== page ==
César Rodríguez Álvarez
|Full name||César Rodríguez Álvarez|
|Date of birth||6 July 1920|
|Place of birth||León, Spain|
|Date of death||1 March 1995(aged 74)|
|Place of death||Barcelona, Spain|
|Height||1.72 m (5 ft 7 1⁄2 in)|
|1940–1942||→ Granada (loan)||24||(23)|
|1955||→ España Industrial (loan)||9||(8)|
|* Senior club appearances and goals counted for the domestic league only.
During his career, which spanned more than two decades, he played mainly for FC Barcelona, appearing in 351 official games for the club and scoring 232 goals (previously counted by the club as 235), making him the highest goalscorer in the club's history for several decades. He won five La Liga championships with the team, in a total of 13 major trophies, and was renowned for his ability to score from corners.
Rodríguez was born in León, Castile and León, and joined FC Barcelona in 1939. However, military service saw him being relocated to Granada and Granada CF the following year, and he played two seasons on loan in Andalusia, helping the team promote to La Liga for the first time ever, then adding 23 goals in only 24 games in the following season for a final tenth position – out of 14 clubs, good enough for league status preservation; this included six in a 7–3 home win against CD Castellón, on 22 March 1942.
In 1942 César returned to Barcelona, winning his first national championship in 1944–45, to which conquest he contributed with 15 goals in 24 matches. During his 13-year stint in Catalonia he scored in double digits in 11 seasons, surpassing the 20-goal mark in three. His early teammates included, among others, Antoni Ramallets, Juan Velasco, Josep Escolà, Joan Segarra, Estanislau Basora, José Gonzalvo and Mariano Gonzalvo; in 1948 he won his first and only Pichichi Trophy (28 goals) and, three years later, he scored twice in the 3–0 win over Real Sociedad in the Copa del Generalísimo final.
Subsequently, Rodríguez was part of a legendary Barcelona forward line alongside Basora, László Kubala, Eduardo Manchón and Moreno that helped the club win five trophies during the 1951–52 season. He scored again in the domestic cup final, a 4–2 extra time win against Valencia CF, and netted the only goal in the Latin Cup triumph over OGC Nice of France.
Later years / ManagementEdit
After leaving Barcelona at the age of 35, César had spells at Cultural y Deportiva Leonesa – his only top flight relegation, in 1956 – and Perpignan FC in France, returning to his country with Elche CF and helping the Valencian move from Tercera División to the top level in only two years, acting as the side's player-coach in his last season. He scored 33 in only 25 games in the third division campaign.
Rodríguez retired from football in 1960 aged 40, with Spanish top division totals of 353 games and 226 goals. In the competition's history, only three players – Telmo Zarra, Hugo Sánchez and Alfredo Di Stéfano – scored more goals.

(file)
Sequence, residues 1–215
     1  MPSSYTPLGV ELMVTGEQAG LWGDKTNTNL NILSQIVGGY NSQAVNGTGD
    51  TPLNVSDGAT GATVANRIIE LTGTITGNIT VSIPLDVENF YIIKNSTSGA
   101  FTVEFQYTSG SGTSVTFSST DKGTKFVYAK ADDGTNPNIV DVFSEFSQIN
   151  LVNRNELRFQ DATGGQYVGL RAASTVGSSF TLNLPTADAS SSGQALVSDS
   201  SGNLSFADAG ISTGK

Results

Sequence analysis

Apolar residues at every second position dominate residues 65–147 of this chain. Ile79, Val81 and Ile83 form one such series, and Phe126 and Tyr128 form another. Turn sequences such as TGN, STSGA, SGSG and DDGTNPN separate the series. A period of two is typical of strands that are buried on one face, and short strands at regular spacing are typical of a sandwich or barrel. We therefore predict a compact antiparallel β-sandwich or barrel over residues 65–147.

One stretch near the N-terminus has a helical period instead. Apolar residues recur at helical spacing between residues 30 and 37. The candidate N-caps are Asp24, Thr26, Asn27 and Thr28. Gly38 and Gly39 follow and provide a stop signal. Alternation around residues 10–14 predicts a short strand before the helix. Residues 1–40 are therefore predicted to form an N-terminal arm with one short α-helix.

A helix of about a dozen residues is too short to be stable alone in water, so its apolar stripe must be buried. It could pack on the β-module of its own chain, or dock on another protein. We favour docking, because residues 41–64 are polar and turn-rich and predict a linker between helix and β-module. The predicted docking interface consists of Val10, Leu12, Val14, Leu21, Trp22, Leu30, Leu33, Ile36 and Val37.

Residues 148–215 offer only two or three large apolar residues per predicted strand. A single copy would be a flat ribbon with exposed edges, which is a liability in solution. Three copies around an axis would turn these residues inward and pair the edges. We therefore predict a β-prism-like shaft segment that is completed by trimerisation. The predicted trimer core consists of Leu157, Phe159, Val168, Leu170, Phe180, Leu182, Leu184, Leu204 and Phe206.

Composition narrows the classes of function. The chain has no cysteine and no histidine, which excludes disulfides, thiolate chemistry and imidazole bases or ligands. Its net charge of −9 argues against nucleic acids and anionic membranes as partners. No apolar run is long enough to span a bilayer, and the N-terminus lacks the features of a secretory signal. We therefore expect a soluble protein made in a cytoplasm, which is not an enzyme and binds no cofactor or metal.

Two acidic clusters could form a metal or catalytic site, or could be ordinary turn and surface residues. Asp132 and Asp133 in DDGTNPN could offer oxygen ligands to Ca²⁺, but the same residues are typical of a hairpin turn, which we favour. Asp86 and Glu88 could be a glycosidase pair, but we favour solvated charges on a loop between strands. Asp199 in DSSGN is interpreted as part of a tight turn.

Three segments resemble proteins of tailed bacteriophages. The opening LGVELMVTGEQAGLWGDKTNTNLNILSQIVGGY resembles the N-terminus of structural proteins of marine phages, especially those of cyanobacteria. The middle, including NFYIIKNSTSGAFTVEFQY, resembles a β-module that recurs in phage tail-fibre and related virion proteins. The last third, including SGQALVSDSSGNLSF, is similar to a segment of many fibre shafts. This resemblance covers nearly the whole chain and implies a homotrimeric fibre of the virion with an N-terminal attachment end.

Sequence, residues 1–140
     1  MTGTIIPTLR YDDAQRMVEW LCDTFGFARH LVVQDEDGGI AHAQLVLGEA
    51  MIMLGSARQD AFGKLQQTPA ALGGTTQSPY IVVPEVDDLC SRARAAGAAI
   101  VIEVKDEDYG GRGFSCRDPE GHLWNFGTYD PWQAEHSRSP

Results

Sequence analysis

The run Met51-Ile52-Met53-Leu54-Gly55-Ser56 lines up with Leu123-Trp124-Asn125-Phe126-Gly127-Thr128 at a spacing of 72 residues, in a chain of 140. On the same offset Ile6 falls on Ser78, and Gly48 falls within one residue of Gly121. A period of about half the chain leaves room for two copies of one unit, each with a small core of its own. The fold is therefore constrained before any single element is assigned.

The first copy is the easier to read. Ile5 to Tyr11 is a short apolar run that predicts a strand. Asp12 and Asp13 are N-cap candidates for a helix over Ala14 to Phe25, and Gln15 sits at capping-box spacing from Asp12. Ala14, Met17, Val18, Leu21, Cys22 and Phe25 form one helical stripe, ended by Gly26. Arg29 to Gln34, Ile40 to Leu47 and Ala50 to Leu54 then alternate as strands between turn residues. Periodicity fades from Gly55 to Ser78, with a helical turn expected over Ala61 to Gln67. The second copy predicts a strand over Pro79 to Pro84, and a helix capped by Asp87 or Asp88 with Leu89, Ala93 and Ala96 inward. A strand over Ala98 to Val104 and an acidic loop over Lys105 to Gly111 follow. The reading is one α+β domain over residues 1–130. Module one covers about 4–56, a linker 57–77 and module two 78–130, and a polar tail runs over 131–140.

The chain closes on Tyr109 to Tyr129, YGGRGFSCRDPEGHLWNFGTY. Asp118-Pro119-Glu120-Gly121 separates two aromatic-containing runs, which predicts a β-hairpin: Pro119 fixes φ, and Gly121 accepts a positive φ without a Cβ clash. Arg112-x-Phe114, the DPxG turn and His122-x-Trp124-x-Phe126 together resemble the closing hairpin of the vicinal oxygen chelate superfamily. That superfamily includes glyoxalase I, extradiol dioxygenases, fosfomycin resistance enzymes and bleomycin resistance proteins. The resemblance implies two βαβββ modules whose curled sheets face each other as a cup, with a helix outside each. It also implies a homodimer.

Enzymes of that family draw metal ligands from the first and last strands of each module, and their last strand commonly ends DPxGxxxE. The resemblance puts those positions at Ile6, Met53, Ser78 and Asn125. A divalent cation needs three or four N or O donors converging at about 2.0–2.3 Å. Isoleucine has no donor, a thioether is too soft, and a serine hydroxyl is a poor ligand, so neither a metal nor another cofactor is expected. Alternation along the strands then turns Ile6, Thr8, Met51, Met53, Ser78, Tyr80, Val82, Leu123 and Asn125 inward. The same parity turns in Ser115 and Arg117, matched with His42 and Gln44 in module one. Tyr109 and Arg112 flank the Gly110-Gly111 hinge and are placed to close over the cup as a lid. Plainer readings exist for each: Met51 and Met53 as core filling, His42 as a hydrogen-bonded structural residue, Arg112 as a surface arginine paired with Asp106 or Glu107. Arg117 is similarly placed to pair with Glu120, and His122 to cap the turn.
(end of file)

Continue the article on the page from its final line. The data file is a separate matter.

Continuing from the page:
Afterwards he coached nine seasons in the main category, mainly with Real Zaragoza, guiding the Aragonese to the third position in 1961, the fourth in 1962 and the fifth in 1963, also reaching the domestic cup final in the latter campaign, losing against his former team Barcelona.
In the 1963 summer, César succeeded former teammate Josep Gonzalvo at the helm of Barça, being sacked only five games into the 1964–65 campaign. He suffered consecutive top flight relegations with RCD Mallorca and Real Betis, and his last professional job was with Zaragoza in 1968–69, leading the team to the 13th position, the first above the relegation zone. He died at the age of 74 in Barcelona, and his scoring record stood until 20 March 2012 (57 years), when Lionel Messi netted a hat-trick against Granada.
César played 12 times for Spain during seven years, scoring six goals. He netted on his debut in a 2–2 draw with Portugal on 11 March 1945, and was included in the squad for 1950 FIFA World Cup in Brazil, being an unused member.
|1||11 March 1945||Estádio Nacional, Lisbon, Portugal||Portugal||2–2||Draw||Friendly|
|2||6 May 1945||Riazor, A Coruña, Spain||Portugal||4–2||Win||Friendly|
|3||21 March 1948||Nuevo Chamartín, Madrid, Spain||Portugal||2–0||Win||Friendly|
|4||18 February 1951||Nuevo Chamartín, Madrid, Spain||Switzerland||6–3||Win||Friendly|
|5||1 June 1952||Nuevo Chamartín, Madrid, Spain||Republic of Ireland||6–0||Win||Friendly|
|6||28 December 1952||Nuevo Chamartín, Madrid, Spain||West Germany||2–2||Draw||Friendly|
Rodríguez's older brother, Ricardo (known as Calo), was also a footballer. A defender, he played eight seasons in the top division in representation of three teams – including Barcelona, five years – appearing in 71 league games.
He scored the first goal ever in the first division for both Granada and Leonesa.
- La Liga: 1944–45, 1947–48, 1948–49, 1951–52, 1952–53
- Copa del Generalísimo: 1951, 1952, 1953
- Copa Eva Duarte: 1948, 1952, 1953
- Latin Cup: 1949, 1952
- Segunda División: 1940–41
- Copa del Generalísimo: Runner-up 1962–63
- Tercera División: 1969–70
- Pichichi Trophy: 1948–49
- Spain – All-Time Topscorers; at RSSSF
- Lionel Messi breaks Barcelona goalscoring record; BBC Sport, 20 March 2012
- César Rodríguez Alvárez, CÉSAR; Franjiverdes, 28 April 2009 (in Spanish)
- "César". European Football. Retrieved 7 October 2015.
- Calo at BDFutbol
- Counts for appearances and goals at the European Cup, Inter-Cities Fairs Cup and UEFA Cup Winners' Cup.
- Counts for appearances and goals at the Copa Eva Duarte and Latin Cup.
- César Rodríguez at BDFutbol
- César Rodríguez manager profile at BDFutbol
- National team data (futbol.sportec.es) (in Spanish) at the Wayback Machine (archived 2007-03-08)
- César Rodríguez at National-Football-Teams.com